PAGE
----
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More and more people are deciding they prefer nurse practitioners to doctors and new research concludes that a nurse's care is just as good and sometimes better. (AP Photo/File)

Nurses care just as good as doctors, study says

The next time you have the flu or back pain, would you consider going to a nurse rather than a doctor? How about for chest pains?

More and more people are deciding they prefer nurse practitioners to doctors and new research concludes that a nurse's care is just as good and sometimes better.

Some nurses think they have it all, over doctors, "Our approach is that our patient is the head of our health care team and we listen to them." Bob Smithing is a nurse practitioner at Family Care of Kent. The clinic has operated for more than 25 years and has no doctors.

"Most of what we take care of is the primary care types of things such as diabetes, hypertension, birth control, shortness of breath." Smithing said these are all conditions doctors normally treat.

The results of a study done by Johns Hopkins University finds that care given by nurses with advanced training, such as Smithing, is comparable in quality, safety and effectiveness to the care of doctors.

"This survey reinforces what we've seen coming out for the past 50 years, which is the care that is provided by nurse practitioners is excellent care and that our patients benefit from seeing a nurse practitioner," said Smithing. But he doesn't use the findings to denigrate doctors.

"Physicians are an integral part of a health care team," Smithing said. "I could no more take care of my patients without specialty physicians than I could take care of them without my stethascope."

You might say to yourself, 'It's risky to see a nurse specialist rather than a doctor because the nurse might miss something.'

But Smithing said not to worry. "We're not reluctant to call in help and ask for assistance. Our training emphasizes that if you don't know something - ask, rather than you must know everything," he reassured.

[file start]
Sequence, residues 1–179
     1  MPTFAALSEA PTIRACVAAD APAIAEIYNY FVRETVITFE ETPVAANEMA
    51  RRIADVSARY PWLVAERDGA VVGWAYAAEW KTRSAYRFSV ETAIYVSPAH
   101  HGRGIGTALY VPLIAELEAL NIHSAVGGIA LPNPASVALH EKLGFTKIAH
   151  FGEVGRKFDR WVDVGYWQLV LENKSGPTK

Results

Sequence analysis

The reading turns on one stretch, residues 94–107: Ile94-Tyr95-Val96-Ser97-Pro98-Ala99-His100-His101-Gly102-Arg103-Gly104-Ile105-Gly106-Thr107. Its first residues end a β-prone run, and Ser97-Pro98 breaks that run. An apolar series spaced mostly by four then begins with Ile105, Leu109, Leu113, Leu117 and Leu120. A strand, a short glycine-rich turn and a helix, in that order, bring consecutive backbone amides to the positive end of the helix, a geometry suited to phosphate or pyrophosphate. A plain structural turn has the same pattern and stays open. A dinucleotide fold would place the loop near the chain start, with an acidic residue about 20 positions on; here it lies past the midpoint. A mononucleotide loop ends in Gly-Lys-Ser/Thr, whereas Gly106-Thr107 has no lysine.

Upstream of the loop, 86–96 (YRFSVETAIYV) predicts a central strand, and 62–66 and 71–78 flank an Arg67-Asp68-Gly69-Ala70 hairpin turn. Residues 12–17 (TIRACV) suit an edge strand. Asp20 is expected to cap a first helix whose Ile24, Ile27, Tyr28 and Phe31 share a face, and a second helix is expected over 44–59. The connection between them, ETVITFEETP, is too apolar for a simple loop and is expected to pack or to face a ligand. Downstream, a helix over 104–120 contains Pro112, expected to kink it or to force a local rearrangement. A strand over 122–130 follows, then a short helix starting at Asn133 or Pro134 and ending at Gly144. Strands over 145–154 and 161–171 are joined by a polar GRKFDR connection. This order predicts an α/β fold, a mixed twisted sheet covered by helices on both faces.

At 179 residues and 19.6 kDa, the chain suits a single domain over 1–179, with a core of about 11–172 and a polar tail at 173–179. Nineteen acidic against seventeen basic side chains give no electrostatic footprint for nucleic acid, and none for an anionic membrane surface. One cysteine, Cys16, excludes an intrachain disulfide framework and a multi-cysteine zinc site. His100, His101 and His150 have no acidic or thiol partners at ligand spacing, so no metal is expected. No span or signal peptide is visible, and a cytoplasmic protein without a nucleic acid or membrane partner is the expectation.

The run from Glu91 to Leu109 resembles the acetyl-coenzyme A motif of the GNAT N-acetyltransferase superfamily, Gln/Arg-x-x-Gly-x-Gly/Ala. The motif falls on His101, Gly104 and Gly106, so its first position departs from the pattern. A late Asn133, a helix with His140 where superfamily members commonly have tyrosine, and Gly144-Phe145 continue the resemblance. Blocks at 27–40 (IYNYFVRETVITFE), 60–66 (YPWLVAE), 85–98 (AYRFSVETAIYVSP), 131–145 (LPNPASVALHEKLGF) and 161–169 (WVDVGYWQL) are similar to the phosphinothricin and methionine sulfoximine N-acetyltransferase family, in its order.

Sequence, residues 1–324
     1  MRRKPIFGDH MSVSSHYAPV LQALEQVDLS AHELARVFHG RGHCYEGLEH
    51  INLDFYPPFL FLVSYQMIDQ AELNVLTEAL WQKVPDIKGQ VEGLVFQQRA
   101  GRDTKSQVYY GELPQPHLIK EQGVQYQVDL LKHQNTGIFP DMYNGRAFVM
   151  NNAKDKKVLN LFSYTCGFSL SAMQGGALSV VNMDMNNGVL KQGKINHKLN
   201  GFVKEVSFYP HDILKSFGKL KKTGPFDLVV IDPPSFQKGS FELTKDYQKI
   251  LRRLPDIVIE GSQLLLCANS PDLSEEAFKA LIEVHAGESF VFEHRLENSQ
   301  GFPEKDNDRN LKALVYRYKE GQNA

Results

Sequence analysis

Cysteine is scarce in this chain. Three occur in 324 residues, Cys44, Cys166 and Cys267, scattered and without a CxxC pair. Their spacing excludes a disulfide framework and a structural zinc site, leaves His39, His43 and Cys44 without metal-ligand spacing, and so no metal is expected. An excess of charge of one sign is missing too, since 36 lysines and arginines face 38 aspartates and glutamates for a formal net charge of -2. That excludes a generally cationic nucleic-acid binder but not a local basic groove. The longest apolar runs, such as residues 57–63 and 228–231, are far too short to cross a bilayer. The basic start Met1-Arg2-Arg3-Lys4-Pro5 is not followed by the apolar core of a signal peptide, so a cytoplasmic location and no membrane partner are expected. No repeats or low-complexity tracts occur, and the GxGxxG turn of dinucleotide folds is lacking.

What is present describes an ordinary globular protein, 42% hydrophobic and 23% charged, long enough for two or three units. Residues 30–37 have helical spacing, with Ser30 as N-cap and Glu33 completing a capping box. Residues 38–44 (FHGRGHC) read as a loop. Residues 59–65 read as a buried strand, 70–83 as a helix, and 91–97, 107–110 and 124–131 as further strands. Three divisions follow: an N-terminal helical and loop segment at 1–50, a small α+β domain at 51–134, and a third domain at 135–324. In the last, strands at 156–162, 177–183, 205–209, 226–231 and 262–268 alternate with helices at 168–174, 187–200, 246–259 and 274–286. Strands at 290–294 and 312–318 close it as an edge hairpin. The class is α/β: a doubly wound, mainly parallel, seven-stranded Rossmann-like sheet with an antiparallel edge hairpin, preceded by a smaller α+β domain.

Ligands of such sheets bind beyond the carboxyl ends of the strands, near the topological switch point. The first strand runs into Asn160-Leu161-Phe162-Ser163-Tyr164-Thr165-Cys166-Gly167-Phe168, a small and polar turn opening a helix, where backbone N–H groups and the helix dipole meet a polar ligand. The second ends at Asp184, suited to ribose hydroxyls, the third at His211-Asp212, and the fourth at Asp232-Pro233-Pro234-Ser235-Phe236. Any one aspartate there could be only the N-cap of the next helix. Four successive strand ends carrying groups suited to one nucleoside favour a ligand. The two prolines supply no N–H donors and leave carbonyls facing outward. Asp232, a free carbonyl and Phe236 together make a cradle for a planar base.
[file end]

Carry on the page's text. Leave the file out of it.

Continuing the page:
The Johns Hopkins study finds that nurse specialists have also lowered medical costs and reduced unnecessary hospital stays.

Doctor Aaron Katz, at the UW's Department of Health Services, said specialty nurses are a mainstay of health care. However it doesn't mean you can see a nurse specialist for every problem. "Rather that there are a group of patients with certain types of medical problems that care can be just as good."

The Affordable Care Act will require health coverage for millions more Americans.

"There's a lot of concern that all of those newly insured people are going to seek medical services now that they have insurance and that we don't have enough capacity in the health care system to serve them," said Katz.

Smithing agrees with researchers who suggest that demand should increase for nurse practitioners. "We're going to need a lot more primary care providers. Nurse practitioners, nurse midwives can fill that bill."

It can be less expensive to see a nurse practitioner, but not always. Smithing said with any health care provider, trust can be as important as any other factor is your choice of a caregiver.

It's sometimes said that nurses are doctor wannabes, but Smithing said nurses want to be nurses but they also want the right to practice to the full extent of their training.


Tim Haeck, KIRO Radio Reporter
Tim Haeck is a news reporter with KIRO Radio. While Tim is one of our go-to, no-nonsense reporters, he also has a sensationally dry sense of humor and it will surprise some to learn he is a weekend warrior.
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